After Prime Minister Eduard Heger decided to send MIG 29 aircraft to Kyiv without consulting Parliament, Robert Fico asserted that the country's sovereignty was threatened by NATO pressure (he did not hesitate to compare the German NATO soldiers stationed in Slovakia to those of the Wehrmacht) and the European Union's support for Ukraine. He opposes his country's support for Kyiv and promises to halt all arms deliveries to Ukraine.

Robert Fico has become highly radicalized, a strategy designed to attract to his name the votes of far-right voters that he may need to regain power. He says he is ready to ally himself with parties representing this political trend, such as the National Party or Republika. In so doing, the former Prime Minister has moved closer to the positions defended by the head of the Hungarian government, Viktor Orban.
Republika is a party founded in 2021 by Milan Uhrik and former members of the People's Party-Our Slovakia (LSNS). Its ideology is far-right, even neo-fascist. Its leader is opposed to any aid to Ukraine and is highly critical of the sanctions imposed on Russia. To place this in context, he has refused to condemn the deportations of Jews during the Second World War on the grounds that he is not a historian himself. For its part, the National Party (SNS), led by Andrej Danko, is a right-wing, nationalist, populist party. It previously governed in coalition with SMER-SD between 2006 and 2010 and between 2016 and 2020. Both parties have made efforts to "clean up" their image and are attempting to look more presentable in the run-up to the elections.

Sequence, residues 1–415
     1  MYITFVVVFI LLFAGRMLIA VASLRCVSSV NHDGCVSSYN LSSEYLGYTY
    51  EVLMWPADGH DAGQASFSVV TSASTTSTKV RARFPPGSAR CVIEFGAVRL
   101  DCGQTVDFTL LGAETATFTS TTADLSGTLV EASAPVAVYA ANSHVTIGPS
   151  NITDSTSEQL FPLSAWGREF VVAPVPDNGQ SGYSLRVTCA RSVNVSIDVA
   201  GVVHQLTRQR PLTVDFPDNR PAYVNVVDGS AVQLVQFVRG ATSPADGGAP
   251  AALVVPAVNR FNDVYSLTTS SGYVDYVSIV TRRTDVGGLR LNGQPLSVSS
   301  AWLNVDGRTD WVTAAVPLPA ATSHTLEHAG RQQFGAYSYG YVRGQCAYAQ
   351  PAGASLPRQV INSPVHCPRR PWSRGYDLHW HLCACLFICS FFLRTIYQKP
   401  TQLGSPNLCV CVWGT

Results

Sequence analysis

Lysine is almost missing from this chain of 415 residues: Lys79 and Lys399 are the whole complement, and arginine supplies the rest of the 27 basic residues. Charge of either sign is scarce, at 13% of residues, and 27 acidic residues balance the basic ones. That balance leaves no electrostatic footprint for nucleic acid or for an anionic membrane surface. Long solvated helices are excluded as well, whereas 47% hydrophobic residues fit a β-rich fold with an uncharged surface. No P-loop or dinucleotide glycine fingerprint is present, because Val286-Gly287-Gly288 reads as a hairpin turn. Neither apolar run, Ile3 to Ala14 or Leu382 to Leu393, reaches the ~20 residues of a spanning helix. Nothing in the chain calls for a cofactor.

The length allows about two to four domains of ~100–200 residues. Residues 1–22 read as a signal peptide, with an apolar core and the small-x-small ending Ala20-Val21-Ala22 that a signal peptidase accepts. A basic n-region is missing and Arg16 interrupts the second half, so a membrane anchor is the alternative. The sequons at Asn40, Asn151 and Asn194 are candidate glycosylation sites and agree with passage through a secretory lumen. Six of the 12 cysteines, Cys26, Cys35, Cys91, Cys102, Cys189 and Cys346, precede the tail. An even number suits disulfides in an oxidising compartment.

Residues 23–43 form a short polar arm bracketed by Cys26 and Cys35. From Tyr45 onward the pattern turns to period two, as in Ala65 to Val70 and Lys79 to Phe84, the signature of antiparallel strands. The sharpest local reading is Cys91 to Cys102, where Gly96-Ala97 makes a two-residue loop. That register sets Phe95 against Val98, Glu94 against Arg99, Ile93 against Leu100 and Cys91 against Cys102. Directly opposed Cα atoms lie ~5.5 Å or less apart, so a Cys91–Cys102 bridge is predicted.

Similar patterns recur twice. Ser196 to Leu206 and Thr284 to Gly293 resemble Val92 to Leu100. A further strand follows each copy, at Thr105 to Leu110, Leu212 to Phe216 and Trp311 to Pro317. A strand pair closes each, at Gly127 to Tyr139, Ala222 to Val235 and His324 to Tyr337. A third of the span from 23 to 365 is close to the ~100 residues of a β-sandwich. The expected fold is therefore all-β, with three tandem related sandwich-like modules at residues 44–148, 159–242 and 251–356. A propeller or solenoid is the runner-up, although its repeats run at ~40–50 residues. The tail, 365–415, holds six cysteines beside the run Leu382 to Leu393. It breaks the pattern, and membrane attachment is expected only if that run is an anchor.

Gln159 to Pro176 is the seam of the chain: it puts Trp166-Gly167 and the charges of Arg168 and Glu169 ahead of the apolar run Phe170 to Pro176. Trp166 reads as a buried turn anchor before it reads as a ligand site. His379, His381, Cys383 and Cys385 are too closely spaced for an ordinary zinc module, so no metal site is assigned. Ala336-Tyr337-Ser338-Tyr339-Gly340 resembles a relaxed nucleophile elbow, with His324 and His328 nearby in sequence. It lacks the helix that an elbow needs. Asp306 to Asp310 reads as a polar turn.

Robert Fico's return to office also depends on the performance of Peter Pellegrini's Hlas party. The latter is totally opposed to any alliance with far-right parties. At the SMER-SD congress in July 2020, former Prime Minister (2018-2020) Peter Pellegrini chose to secede. He created Hlas, which quickly became popular among voters if opinion polls are to be believed. Hlas defines itself as social-democratic, a position left vacant on the political chessboard following Robert Fico's turn to the right. Indeed, after Peter Pellegrini's secession, Fico declared that his party was moving towards a "rustic social democracy" which, in his words, "perfectly perceives the specificities of Slovak reality".